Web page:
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Let’s talk toilets

Posted: 6th November 2018

Kevin Wellman


Chartered Institute of Plumbing & Heating Engineering (CIPHE)

Did you know it’s World Toilet Day on 19th November? Traditionally we’d use the day to highlight the plight of a lack of sanitation in third world countries – its impact on economic and social growth, public health and the threat of disease (which should have been long eradicated).

However, there is an increasing epidemic on our own shores when it comes to public toilet provision. The steady de-funding and closure of public lavatories should be a nationwide scandal, yet we seem to have buried our heads in the sand.

I understand it in some ways - toilets and toileting habits are amongst the top taboo subjects for us Brits - so we expect to be met with a wall of embarrassed silence if the topics of incontinence, the need to urinate or (heaven forbid) take a bowel movement crop up. But talk about it we must.

Did you know that in the UK:

  • The average person urinates between six and eight times a day. But if you're drinking plenty, it's not abnormal to go as many as 10 times a day.
  • NHS numbers show that between three and six million people have some degree of urinary incontinence.
  • According to figures from Incontinence UK, women are five times more likely to suffer urinary incontinence than men – mostly due to stress factors such as childbirth and menopause.
  • Additionally, studies suggest that constipation and bowel incontinence affects between 3% and 15% of the population.
  • 1 in 3 women and 1 in 7 men over 65 experience incontinence issues (Age UK).
  • Over a 1/4 million people need a ‘Changing Places toilet’ to enable them to get out and about and enjoy the day-to-day activities most of us take for granted - there are around 1154 Changing Places toilets in the UK. (Changing Places)
  • There is no legal requirement for councils to provide public toilets or for businesses to provide toilets to non-paying customers.
  • The number of public toilet facilities fell by 40% from 2004-2014 and has continued to decline. (British Toilet Association)
  • At least 673 public toilets across the UK have stopped being maintained by major councils (unitary, borough, district and city) since 2010. (BBC Reality Check)

Cuts to public toilets affect a significant proportion of the population, including women, the elderly, the disabled, those with medical conditions and those with babies and young children.

I don’t believe local councils want to close these facilities. However, they currently have no legal requirement to provide public toilets so, when budgets are cut and tough choices made, these facilities are naturally in danger.

Often, the cost of running public conveniences will be passed onto smaller parish/town councils or community groups, but if no alternative funding can be sourced, these facilities will ultimately close. It is then down to good-natured local businesses to open their doors.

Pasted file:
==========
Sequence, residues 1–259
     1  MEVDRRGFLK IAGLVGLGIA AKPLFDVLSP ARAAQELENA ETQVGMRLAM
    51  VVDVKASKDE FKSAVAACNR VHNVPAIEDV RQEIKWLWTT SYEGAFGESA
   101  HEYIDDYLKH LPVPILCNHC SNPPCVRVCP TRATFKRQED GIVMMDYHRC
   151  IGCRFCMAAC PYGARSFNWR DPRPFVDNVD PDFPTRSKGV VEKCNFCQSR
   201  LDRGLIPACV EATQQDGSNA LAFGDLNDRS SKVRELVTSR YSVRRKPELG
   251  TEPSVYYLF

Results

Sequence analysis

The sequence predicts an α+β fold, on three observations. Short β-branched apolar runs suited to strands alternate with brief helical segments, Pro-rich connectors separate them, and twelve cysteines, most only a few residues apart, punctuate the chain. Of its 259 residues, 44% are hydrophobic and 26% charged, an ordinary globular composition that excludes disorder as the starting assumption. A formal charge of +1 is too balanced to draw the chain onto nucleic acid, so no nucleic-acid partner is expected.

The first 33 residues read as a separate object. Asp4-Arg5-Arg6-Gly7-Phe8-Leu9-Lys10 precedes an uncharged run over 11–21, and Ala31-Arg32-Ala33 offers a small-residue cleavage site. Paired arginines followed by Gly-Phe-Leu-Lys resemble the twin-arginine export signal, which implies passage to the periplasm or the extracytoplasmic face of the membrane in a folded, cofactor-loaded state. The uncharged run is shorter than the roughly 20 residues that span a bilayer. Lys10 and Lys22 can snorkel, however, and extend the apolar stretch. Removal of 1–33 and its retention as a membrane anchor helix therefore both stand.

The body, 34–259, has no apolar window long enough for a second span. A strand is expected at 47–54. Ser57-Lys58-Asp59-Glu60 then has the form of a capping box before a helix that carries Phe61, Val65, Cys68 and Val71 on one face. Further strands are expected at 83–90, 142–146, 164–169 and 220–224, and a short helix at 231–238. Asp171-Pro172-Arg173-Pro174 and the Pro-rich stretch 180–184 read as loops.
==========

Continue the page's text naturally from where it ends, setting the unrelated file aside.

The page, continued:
It is a shortsighted cost saving. Toilets are vital to local communities and economies. They allow people who may otherwise be unable to visit, to access and spend money at our high streets and tourist attractions. The impact of the ‘grey pound’ (worth some £215 billion to the UK economy) should not be underestimated. Put simply, a lack of public toilets alienates not just the elderly, but vast swathes of society who will choose to stay indoors.

Public toilets also serve the important role of protecting public health. If local business cannot provide alternative toileting facilities the cleanliness of our streets and public places will be compromised. It’s not just toilets - hand washing stops the spread of germs and bacteria, as does the correct disposal of nappies and sanitary items - we need public access to a full range of sanitary facilities to keep our communities safe.

Being caught short has very real implications on both physical and mental health. For those who know they need frequent toilets stops, the anxiety of not being able to find adequate facilities can be crippling and deeply isolating. The feelings of shame and guilt (should the worse happen) often reach unbearable levels.

This strikes all generations, including the parents needing somewhere clean and well equipped to change their newborn baby, through to those with disabilities or health issues requiring accessible toilets to keep their dignity and independence intact.

It is often the most vulnerable in society who are affected by closures and with the population expanding, the demand for public toilets will only increase. Public toilets provide dignity, independence and safety. They are not a luxury, they are a necessity.

With World Toilet Day taking place on 19th November, the Chartered Institute of Plumbing and Heating Engineering has been calling on Government and councils to recognise the importance of public toilets and improve funding to keep these vital facilities open. I welcome the Chancellor’s announcement in the Autumn Budget that business rates will be cut for public toilets. This is a step in the right direction if it encourages more businesses to open up their facilities to the public. However, to push the onus onto businesses will not stop the closure of council run facilities.

It’s infinitely important that those of us in construction - town planners, architects, consultants etc - know the value and impact public toilets have on society and champion their worth. We have to start facing up to some uncomfortable issues and start talking toilets. If we don’t, it will have a devastating impact for many years to come.

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Contributor: Kevin Wellman is the Chief Executive Officer for the Chartered Institute of Plumbing and Heating Engineering